“(3) if the Federal motor vehicle safety standard required by subsection (c) has not been finalized by the date that is 10 years after the date of enactment of this Act [Nov. 15, 2021], shall submit to the Committee on Commerce, Science, and Transportation of the Senate and the Committee on Energy and Commerce of the House of Representative a report describing—
“(A)
the reasons why the Federal motor vehicle safety standard has not been finalized;
“(B)
the barriers to finalizing the Federal motor vehicle safety standard; and
“(C)
recommendations to Congress to facilitate the Federal motor vehicle safety standard.
Rulemaking on Visibility of Agricultural Equipment

Pub. L. 112–141, div. C, title I, § 31601, July 6, 2012, 126 Stat. 775, provided that:

“(a) Definitions.—In this section:
“(1) Agricultural equipment.—
The term ‘agricultural equipment’ has the meaning given the term ‘agricultural field equipment’ in ASABE Standard 390.4, entitled ‘Definitions and Classifications of Agricultural Field Equipment’, which was published in January 2005 by the American Society of Agriculture and Biological Engineers, or any successor standard.
“(2) Public road.—
The term ‘public road’ has the meaning given the term in section 101(a)(27) of title 23, United States Code.
“(b) Rulemaking.—
“(1) In general.—
Not later than 2 years after the date of enactment of this Act [see section 3(a), (b) of Pub. L. 112–141, set out as Effective and Termination Dates of 2012 Amendment notes under section 101 of Title 23, Highways], the Secretary of Transportation, after consultation with representatives of the American Society of Agricultural and Biological Engineers and appropriate Federal agencies, and with other appropriate persons, shall promulgate a rule to improve the daytime and nighttime visibility of agricultural equipment that may be operated on a public road.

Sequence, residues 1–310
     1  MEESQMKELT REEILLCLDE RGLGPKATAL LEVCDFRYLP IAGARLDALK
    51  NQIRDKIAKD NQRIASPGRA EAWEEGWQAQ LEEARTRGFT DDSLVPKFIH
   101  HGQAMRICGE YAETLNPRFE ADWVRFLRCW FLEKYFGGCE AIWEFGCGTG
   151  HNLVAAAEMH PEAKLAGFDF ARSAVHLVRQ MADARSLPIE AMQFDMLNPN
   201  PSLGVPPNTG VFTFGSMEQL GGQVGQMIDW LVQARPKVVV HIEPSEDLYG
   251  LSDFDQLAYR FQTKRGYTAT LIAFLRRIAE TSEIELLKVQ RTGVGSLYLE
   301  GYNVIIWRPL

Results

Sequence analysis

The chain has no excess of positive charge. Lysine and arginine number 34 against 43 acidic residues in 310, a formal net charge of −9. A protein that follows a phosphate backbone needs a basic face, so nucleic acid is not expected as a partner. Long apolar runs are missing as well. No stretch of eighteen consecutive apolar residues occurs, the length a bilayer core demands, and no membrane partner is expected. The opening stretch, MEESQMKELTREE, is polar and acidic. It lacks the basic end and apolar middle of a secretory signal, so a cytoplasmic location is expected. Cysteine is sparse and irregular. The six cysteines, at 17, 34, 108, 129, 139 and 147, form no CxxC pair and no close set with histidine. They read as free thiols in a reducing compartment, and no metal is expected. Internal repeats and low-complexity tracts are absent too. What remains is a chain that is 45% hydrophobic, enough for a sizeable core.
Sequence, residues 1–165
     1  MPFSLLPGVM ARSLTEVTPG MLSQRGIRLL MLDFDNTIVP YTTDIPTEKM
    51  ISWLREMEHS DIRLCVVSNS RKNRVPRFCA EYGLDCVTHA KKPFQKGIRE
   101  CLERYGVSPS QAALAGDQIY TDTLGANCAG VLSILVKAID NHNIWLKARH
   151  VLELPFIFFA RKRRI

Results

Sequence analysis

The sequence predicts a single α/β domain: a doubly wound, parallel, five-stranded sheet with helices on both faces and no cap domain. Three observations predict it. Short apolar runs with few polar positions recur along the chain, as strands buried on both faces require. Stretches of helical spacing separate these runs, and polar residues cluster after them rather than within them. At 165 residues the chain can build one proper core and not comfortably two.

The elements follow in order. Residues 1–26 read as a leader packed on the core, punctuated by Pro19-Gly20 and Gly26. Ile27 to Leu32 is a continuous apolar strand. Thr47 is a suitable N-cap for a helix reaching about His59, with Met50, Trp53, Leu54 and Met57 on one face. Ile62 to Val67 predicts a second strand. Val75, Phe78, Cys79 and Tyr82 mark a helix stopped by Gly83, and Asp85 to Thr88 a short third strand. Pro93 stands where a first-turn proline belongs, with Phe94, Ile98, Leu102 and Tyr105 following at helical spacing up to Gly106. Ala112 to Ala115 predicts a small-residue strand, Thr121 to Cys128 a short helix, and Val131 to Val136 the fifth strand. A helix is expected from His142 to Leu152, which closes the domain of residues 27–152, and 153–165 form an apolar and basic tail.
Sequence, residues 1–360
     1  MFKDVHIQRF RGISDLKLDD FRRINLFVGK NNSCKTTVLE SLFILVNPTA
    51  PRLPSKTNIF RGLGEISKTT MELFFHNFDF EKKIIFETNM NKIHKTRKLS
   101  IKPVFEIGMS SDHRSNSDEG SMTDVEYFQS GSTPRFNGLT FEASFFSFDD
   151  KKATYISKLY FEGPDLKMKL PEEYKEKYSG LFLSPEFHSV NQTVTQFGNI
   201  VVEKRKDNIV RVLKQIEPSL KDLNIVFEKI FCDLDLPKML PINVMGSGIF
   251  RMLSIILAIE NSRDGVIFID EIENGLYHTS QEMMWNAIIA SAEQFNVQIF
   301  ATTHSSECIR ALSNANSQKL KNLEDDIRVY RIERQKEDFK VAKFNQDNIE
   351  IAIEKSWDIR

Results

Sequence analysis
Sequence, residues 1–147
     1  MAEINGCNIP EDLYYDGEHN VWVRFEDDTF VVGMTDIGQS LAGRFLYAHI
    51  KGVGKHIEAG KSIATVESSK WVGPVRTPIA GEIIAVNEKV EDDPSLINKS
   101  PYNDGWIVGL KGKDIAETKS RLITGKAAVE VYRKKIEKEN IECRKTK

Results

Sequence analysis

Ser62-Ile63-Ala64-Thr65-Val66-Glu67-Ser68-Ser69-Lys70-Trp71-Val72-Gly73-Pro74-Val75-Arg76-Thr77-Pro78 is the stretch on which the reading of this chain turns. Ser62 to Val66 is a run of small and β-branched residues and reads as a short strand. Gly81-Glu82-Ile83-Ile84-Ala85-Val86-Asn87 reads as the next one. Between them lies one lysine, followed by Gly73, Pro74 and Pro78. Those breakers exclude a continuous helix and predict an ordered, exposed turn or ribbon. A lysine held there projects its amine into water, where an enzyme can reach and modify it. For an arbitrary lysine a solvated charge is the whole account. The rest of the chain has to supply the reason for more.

“(2) Minimum standards.—The rule promulgated pursuant to this subsection shall—
“(A)
establish minimum lighting and marking standards for applicable agricultural equipment manufactured at least 1 year after the date on which such rule is promulgated; and
“(B)
provide for the methods, materials, specifications, and equipment to be employed to comply with such standards, which shall be equivalent to ASABE Standard 279.14, entitled ‘Lighting and Marking of Agricultural Equipment on Highways’, which was published in July 2008 by the American Society of Agricultural and Biological Engineers, or any successor standard.
“(c) Review.—Not less frequently than once every 5 years, the Secretary of Transportation shall—
“(1)
review the standards established pursuant to subsection (b); and
“(2)
revise such standards to reflect the revision of ASABE Standard 279 that is in effect at the time of such review.
“(d) Limitations.—
“(1) Compliance with successor standards.—
Any rule promulgated pursuant to this section may not prohibit the operation on public roads of agricultural equipment that is equipped in accordance with any adopted revision of ASABE Standard 279 that is later than the revision of such standard that was referenced during the promulgation of the rule.
“(2) No retrofitting required.—
Any rule promulgated pursuant to this section may not require the retrofitting of agricultural equipment that was manufactured before the date on which the lighting and marking standards are enforceable under subsection (b)(2)(A).
“(3) No effect on additional materials and equipment.—
Any rule promulgated pursuant to this section may not prohibit the operation on public roads of agricultural equipment that is equipped with materials or equipment that are in addition to the minimum materials and equipment specified in the standard upon which such rule is based.”
Unattended Passenger Reminders

Pub. L. 112–141, div. C, title I, § 31504, July 6, 2012, 126 Stat. 775, as amended by Pub. L. 114–94, div. B, title XXIV, § 24114, Dec. 4, 2015, 129 Stat. 1710, provided that:

“(a) Safety Research Initiative.—
The Secretary [of Transportation] shall initiate research into effective ways to minimize the risk of hyperthermia or hypothermia to children or other unattended passengers in rear seating positions.